If you were in this situation, what sort of things do you think your parents might say to you? To a child who had nearly died and one they had not spoken to in three months. They were looking at me, their child, albeit a young adult, in a hospital bed, hooked up to numerous machines, with strange tubes and wires attached to me. What would be the first words out of your mouth if your child had nearly died?
After telling me that they were worried about me, the questions started:
- Did you have a blood transfusion?
- Have you had sex with your boyfriend?
I expected to be questioned, but not immediately upon waking up. I was in terrible pain and my brain was fuzzy due to the morphine. So I denied everything. I looked at my parents and did not believe they had any love for me whatsoever.
They seemed more concerned with whether or not I had broken their religious rules. Their feigned love and acceptance of me in their life was conditional. I now could never go back to being a Jehovah’s Witness.
Shortly after the interrogation, my surgeon visited me and said they had needed six pints of blood and without it I would have died. My spleen was ruptured and in addition to removing it, the surgeon removed part of my pancreas and appendix.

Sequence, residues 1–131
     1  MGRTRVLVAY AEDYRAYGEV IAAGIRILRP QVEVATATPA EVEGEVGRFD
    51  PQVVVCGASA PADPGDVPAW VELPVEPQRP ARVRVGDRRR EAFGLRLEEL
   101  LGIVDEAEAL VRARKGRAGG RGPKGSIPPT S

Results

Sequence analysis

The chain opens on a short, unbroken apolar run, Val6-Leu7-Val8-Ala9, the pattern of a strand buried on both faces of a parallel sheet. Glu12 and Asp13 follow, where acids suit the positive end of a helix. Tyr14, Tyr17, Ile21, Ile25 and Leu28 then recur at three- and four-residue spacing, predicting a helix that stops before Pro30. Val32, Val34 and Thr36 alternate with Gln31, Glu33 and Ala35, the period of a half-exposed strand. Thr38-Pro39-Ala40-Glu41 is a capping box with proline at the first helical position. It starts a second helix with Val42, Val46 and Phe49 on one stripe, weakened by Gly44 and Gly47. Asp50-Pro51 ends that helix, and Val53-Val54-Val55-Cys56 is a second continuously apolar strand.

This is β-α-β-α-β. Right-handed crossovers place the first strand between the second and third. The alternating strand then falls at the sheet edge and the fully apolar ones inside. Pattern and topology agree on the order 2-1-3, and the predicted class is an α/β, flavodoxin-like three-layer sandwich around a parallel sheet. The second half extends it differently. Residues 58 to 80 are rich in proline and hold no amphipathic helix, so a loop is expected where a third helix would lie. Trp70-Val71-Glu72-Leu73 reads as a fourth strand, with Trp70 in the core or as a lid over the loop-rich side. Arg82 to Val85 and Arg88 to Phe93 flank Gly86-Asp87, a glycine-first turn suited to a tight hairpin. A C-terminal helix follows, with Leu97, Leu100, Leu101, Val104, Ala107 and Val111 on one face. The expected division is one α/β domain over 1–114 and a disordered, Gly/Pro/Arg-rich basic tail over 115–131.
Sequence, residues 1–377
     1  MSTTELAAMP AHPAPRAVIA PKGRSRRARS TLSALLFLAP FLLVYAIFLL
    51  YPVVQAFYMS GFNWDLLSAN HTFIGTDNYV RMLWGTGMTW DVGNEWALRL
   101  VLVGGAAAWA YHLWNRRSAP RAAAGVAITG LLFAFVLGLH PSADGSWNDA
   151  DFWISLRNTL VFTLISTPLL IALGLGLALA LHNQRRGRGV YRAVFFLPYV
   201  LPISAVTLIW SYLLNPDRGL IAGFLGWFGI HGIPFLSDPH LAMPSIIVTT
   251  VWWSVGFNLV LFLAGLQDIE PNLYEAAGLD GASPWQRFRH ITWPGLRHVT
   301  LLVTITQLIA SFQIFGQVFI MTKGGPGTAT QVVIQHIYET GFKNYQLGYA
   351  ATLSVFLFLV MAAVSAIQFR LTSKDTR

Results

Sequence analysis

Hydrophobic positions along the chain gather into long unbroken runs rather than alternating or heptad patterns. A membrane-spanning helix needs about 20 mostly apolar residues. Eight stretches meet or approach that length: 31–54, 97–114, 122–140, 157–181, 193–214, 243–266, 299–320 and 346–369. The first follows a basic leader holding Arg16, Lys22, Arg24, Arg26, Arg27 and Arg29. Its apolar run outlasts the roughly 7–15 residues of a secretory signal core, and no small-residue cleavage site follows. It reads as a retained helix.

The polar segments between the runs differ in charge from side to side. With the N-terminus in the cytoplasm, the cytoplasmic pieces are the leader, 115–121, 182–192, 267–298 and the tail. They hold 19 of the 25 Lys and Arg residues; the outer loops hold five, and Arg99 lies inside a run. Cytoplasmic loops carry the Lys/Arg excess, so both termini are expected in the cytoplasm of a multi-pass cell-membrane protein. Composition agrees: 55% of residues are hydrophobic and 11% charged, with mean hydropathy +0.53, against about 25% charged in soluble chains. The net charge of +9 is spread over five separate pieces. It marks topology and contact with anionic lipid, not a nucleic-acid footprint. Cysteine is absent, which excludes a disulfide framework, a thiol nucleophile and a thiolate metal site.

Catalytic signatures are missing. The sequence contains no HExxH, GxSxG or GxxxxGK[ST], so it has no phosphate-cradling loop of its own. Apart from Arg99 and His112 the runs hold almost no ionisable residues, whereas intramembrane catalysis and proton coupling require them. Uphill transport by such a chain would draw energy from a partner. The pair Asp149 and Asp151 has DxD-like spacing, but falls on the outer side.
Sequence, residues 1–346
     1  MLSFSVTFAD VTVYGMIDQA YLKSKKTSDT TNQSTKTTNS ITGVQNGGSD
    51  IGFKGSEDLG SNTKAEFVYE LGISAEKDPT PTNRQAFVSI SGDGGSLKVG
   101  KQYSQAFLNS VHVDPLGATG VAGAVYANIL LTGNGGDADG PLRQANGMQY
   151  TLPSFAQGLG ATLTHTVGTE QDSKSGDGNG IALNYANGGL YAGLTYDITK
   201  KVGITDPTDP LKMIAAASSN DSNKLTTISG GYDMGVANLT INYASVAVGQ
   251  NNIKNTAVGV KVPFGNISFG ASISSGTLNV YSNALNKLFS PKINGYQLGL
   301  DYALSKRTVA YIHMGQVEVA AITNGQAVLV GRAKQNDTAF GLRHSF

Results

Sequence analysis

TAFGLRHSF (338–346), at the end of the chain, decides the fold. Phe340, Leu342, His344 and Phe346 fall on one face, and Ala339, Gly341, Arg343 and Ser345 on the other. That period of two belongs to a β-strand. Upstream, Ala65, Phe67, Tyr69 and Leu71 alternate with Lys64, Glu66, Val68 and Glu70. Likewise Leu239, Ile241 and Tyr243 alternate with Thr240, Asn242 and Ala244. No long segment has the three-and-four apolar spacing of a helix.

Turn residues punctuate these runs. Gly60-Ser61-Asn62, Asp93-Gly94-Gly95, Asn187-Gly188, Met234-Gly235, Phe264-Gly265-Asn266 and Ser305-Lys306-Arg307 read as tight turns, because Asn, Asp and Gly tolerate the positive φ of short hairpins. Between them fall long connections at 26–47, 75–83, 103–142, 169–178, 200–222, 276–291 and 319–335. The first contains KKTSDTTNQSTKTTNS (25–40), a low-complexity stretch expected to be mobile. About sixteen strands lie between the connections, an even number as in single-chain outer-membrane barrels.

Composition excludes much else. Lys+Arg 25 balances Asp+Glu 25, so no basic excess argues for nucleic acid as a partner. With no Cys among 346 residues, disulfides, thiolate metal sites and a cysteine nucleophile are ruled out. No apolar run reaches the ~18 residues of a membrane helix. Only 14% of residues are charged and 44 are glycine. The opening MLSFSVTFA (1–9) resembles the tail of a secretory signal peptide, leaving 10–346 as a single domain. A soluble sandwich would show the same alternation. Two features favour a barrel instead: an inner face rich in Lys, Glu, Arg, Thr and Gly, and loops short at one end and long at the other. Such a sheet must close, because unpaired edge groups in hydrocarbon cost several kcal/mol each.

As I recovered in the hospital, I thought about what I’d have to do if I wanted to continue on as a JW. Once I had been released from the hospital I would have had to meet with the elders in the congregation, and I would have had to detail every single sin I had committed, including receiving a life saving blood transfusion.
There was a small chance I might have just received a reproof, but I doubted that. Even if I had sincerely “repented”, I’d done so many things wrong they would have viewed any demonstration of repentance as just words. So I would have been disfellowshipped and shunned by all my friends and family for at least six months to a year, and obligated to attend all their meetings. Only then I might have been considered sufficiently repentant to be reinstated.
Back then, as crazy as it sounds now, I didn’t doubt that JWs had “the truth”. It never occurred to me that I had been raised in “the lie”. I just felt that I wasn’t worthy of being a JW and that I wasn’t good enough or faithful enough for God to want me in his organization. So I resigned myself to never living forever in the paradise earth. I would never see my grandparents again in the resurrection.
Only now, at almost 50 years of age, do I realize I should not have been put in this position. I realize that my wonderful children are only alive thanks to the hard work and dedication of a small team of medical workers and the blood transfusion that they gave me.
Now, and with the help of my loving children, I am basking in the luxury of healing from the fears and induced phobias imposed upon me as a child while growing up as a Jehovah’s Witness.
Do not go gentle into that good night
Don’t succumb to the peaceful release of death.
Old age should burn and rave at close of day;
Rage, rage against the dying of the light.
– Do Not Go Gentle Into That Good Night, Dylan Thomas 1914-1953
Links for Evelyn De L’Ombre’s blog and YouTube: